Gemini by Carol Cassella

Cassella is an M.D. so there are many accurate medical details given in this story about Jane Doe, the woman brought in to hospital after a hit-and-run.

The novel moves back and forth fluidly between the present and the past. Eric and his girlfriend, the medical doctor treating Jane, want to find out more information about Jane.

The novel also focuses on two people who almost fall in love, Raney and Bo. Raney, who has been raised by her Grandfather to be self-reliant, hardens her heart against Bo because of his privileged background.

The meet each other as kids in Quentin, WA . Even then, Raney is keenly aware of class differences. Bo’s family leaves him in Quentin during the summertime when they travel or get divorced.

Although they sense a spark between them, circumstances keep tearing them apart. They nearly get together when Bo, a freelance writer, has a car accident in Mexico.

Convinced he has abandoned her, Raney casts her love for Bo aside.

Does anyone, however, truly forget their first love?

When its revealed that Jane Doe has a distinctive scar, the attending doctor’s boyfriend realizes he knows the patient.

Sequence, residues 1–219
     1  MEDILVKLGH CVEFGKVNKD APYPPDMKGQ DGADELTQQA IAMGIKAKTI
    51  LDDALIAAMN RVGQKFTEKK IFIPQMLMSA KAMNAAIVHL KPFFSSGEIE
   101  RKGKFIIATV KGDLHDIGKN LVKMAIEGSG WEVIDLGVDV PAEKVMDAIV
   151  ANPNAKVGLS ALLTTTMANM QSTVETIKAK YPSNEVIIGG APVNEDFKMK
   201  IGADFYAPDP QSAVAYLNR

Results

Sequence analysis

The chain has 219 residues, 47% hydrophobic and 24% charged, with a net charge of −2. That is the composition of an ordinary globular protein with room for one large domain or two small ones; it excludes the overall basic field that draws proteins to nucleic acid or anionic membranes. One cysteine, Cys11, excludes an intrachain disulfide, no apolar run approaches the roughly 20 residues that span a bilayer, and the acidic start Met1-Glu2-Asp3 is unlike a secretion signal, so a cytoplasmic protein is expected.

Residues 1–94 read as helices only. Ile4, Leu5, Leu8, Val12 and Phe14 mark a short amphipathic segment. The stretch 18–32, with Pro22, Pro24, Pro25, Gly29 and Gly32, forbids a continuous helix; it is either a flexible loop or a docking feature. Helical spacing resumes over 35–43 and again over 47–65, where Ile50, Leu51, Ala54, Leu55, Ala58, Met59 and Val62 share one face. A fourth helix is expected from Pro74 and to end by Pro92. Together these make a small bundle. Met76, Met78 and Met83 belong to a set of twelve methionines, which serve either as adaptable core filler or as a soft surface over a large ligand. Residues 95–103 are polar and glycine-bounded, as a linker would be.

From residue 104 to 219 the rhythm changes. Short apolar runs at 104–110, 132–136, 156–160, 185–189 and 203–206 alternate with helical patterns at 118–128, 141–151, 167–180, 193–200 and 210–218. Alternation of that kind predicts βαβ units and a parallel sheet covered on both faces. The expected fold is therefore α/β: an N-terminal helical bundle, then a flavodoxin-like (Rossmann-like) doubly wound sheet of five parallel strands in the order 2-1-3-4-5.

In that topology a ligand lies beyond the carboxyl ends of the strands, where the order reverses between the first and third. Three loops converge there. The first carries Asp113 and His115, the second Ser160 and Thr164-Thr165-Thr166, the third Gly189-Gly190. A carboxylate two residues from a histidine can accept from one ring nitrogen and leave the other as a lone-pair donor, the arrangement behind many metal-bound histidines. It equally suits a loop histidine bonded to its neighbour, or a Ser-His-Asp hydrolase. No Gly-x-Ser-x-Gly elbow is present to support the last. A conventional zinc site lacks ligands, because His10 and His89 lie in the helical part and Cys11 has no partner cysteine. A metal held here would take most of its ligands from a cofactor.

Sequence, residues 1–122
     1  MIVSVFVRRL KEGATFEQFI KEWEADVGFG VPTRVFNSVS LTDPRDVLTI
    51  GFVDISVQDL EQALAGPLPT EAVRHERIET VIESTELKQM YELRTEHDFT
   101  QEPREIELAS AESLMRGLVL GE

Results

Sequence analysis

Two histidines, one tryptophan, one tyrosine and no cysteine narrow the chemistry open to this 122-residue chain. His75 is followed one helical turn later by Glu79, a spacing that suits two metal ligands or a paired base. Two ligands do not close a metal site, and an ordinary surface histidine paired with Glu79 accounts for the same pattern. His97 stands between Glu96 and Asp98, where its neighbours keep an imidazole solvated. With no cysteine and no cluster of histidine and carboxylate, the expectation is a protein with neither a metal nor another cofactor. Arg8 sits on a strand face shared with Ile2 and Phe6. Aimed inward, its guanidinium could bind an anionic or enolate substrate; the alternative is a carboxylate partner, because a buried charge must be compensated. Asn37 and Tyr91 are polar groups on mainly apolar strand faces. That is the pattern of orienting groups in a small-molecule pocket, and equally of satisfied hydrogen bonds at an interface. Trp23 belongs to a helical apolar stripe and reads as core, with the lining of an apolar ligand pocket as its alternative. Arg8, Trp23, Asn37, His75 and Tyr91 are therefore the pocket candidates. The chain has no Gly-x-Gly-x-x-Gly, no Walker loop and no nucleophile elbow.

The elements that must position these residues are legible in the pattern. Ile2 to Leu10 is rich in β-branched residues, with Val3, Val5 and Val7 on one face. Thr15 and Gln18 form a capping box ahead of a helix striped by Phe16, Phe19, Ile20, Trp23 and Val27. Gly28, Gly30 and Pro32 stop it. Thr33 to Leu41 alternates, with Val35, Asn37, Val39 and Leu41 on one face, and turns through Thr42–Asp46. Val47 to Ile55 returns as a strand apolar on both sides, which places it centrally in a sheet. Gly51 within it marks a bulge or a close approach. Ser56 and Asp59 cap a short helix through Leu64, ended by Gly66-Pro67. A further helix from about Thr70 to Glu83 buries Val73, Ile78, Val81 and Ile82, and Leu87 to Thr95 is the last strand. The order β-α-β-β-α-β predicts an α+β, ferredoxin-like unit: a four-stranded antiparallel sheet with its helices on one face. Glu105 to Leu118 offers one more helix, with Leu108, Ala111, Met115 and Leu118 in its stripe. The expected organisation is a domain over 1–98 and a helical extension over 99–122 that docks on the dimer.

Since this is a medical drama, the character’s illnesses and medical condition shape the story. For example, Erik, a science writer who also has neurofibromatosis, is hesitant to commit to his girlfriend because of it.

Though no one gets the medical miracle they are hoping for, the ending is deeply satisfying.

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Hugo: A Look Back

Hugo was released in 2011. Since then its lost none of its charm.

Hugo is a well-shot and well-acted movie that also happens to have a beautiful message.

I first became aware of the book which I always meant to read. The book is a marvelously illustrated and written by Brian Selznick.

Wonderful moments abound in this film, like Hugo hanging on to the arms of enormous clock. The scene looks like something out of the silent film Safety Last. The film honors silent films and silent film makers so this scene is so fitting.

One of the best aspects of the movie, however, is the theme.

Standing near the clear dial of the clock, which is an enormous window, Hugo realizes that the world is like an enormous machine.

If someone has lost their purpose, they are broken, just like the automaton Hugo’s father found. Yet, that doesn’t mean they can’t be “fixed” or redeemed.

“Are you a fixer?” Isabelle asks Hugo. Humbly, he says, “I think so.”

The villain of the movie has a prosthetic leg, which he needs because of a war injury.

The war has left him embittered; plus, he has had a terrible childhood. Consequently, he delights in locking up and terrorizing orphaned children.

Even this character though is “fixed,” in the end, as he returns with a working leg, presumably fixed by Hugo and Papa Georges.